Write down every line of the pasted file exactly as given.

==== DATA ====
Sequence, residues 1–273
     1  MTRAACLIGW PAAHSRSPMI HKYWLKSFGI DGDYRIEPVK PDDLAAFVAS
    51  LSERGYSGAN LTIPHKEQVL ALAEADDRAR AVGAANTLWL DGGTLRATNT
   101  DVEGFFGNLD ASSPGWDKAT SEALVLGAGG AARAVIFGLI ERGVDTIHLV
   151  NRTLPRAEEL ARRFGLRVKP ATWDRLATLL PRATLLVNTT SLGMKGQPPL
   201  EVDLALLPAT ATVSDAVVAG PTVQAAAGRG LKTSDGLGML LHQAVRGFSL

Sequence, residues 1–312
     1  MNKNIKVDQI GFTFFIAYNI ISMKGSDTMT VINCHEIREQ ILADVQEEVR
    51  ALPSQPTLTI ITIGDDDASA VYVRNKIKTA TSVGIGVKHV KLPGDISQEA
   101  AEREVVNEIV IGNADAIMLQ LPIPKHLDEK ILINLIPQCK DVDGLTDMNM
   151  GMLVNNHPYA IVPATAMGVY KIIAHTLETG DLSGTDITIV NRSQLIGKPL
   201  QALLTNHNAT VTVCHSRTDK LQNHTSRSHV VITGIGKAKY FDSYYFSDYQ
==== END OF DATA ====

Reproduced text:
Sequence, residues 1–273
     1  MTRAACLIGW PAAHSRSPMI HKYWLKSFGI DGDYRIEPVK PDDLAAFVAS
    51  LSERGYSGAN LTIPHKEQVL ALAEADDRAR AVGAANTLWL DGGTLRATNT
   101  DVEGFFGNLD ASSPGWDKAT SEALVLGAGG AARAVIFGLI ERGVDTIHLV
   151  NRTLPRAEEL ARRFGLRVKP ATWDRLATLL PRATLLVNTT SLGMKGQPPL
   201  EVDLALLPAT ATVSDAVVAG PTVQAAAGRG LKTSDGLGML LHQAVRGFSL

Sequence, residues 1–312
     1  MNKNIKVDQI GFTFFIAYNI ISMKGSDTMT VINCHEIREQ ILADVQEEVR
    51  ALPSQPTLTI ITIGDDDASA VYVRNKIKTA TSVGIGVKHV KLPGDISQEA
   101  AEREVVNEIV IGNADAIMLQ LPIPKHLDEK ILINLIPQCK DVDGLTDMNM
   151  GMLVNNHPYA IVPATAMGVY KIIAHTLETG DLSGTDITIV NRSQLIGKPL
   201  QALLTNHNAT VTVCHSRTDK LQNHTSRSHV VITGIGKAKY FDSYYFSDYQ